Tesla has three new models coming and has already given us some specs.
Tesla has revealed Part 3 of its Master Plan, teasing two new models under sheets and pretty blatantly stating that the company wants to build a full-size passenger bus. Aside from the latter, the remaining pair of new models include a compact car (possibly the long-awaited Model 2 - albeit with a different name) and a passenger/commercial van.
These newcomers are expected to use Tesla's next-generation platform, and one may be assembled at Tesla's Gigafactory in Mexico. The smallest of the lot, the so-called Model 2, will reportedly use a 53 kWh battery pack with lithium iron phosphate (LFP) cells. These batteries are favored for several reasons. Not only are they cheaper to produce, but LFP batteries also charge quickly and have a longer lifespan than comparable battery setups.
The automaker has made some interesting claims about the forthcoming compact EV, with CEO Elon Musk noting it will be able to operate autonomously and make money as a robotaxi when not in use by the owners.
Rumored to be priced at the $25,000 mark, the smallest Tesla yet will bring EV ownership to millions more. And that's exactly what the automaker is aiming to do, with projected sales of 42 million. That's nearly double the sales of the popular Model Y and Model 3, both of which currently dominate the EV sales charts.
There's no word on when the baby Tesla will arrive, but we've already spotted a curious prototype Tesla testing in China. It will be interesting to see if Tesla can beat Volkswagen to market, with the German automaker also working on a compact and affordable EV, known as the ID. 2all.
The advent of a Tesla commercial/passenger van is rather interesting but to be expected. After all, legacy brands such as Ford, Stellantis, and Mercedes-Benz have already entered the segment and with decent success. Tesla says this model will use a 100 kWh battery with high nickel cells.
Again, this model will be underpinned by the next-generation platform. From a styling point of view, we wouldn't be surprised to see it draw inspiration from the Cybertruck or even the larger Semi truck that has finally entered production. Tesla hopes to sell 10 million of these vans, which is a lofty goal - even for Tesla.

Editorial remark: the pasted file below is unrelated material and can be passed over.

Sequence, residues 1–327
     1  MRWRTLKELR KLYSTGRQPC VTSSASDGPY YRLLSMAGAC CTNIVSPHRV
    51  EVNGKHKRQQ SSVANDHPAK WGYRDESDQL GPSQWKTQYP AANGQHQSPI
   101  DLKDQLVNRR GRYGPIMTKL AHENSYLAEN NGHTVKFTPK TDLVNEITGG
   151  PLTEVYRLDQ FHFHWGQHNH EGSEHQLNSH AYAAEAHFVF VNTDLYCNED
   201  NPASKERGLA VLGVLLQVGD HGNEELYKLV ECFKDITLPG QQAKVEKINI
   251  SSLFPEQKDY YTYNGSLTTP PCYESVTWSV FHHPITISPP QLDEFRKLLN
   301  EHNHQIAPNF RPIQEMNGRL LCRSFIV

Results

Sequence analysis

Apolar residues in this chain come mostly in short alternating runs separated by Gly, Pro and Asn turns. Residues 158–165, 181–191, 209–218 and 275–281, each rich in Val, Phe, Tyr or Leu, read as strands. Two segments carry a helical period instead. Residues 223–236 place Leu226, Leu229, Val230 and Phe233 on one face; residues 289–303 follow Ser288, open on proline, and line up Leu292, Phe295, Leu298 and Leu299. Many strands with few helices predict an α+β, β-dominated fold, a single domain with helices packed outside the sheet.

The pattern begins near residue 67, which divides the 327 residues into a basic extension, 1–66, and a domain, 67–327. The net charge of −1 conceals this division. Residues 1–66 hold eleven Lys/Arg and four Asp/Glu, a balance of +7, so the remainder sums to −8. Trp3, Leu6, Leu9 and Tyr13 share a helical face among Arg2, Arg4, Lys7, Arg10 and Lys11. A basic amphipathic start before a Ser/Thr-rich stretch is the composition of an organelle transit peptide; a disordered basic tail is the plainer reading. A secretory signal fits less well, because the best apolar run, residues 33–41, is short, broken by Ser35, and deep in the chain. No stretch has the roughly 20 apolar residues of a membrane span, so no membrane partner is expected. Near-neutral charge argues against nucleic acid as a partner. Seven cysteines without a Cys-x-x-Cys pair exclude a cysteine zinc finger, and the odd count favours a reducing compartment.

Finally, we have the bus. Due to its size, the Tesla bus will use a 300 kWh LFP battery. Again, we expect the company's first passenger coach to borrow heavily from the Tesla Semi, not only in terms of design but the drive systems and architecture, too. That said, its battery is smaller than the 500 and 800 kWh packs in the Semi. The company hopes to sell one million examples of this vehicle and, again, no arrival date is specified.
With the Cybertruck only entering production at the end of the year - and the Roadster still nowhere to be seen - it could be years before we see these new models.
Tesla has plans to branch out beyond road cars and industrial vehicles, however, and the Master Plan Part 3 even includes mention of ships and planes and the battery requirements thereof. Whether Tesla wants to build these itself or merely supply powertrain solutions remains to be seen, but given Tesla's history with products like the Powerwall, it's likely to be these energy storage solutions it supplies rather than turnkey products.
This Master Plan series of documents has always been about more than just in-house products for tesla, but a roadmap through which Elon Musk believes his company can reshape the world in a way that enables the adoption of clean energies. Musk has always had lofty ambitions, that sometimes don't come to fruition, but of everything in Part 3 of his plan, at least we finally have concrete specs on the new road-going models.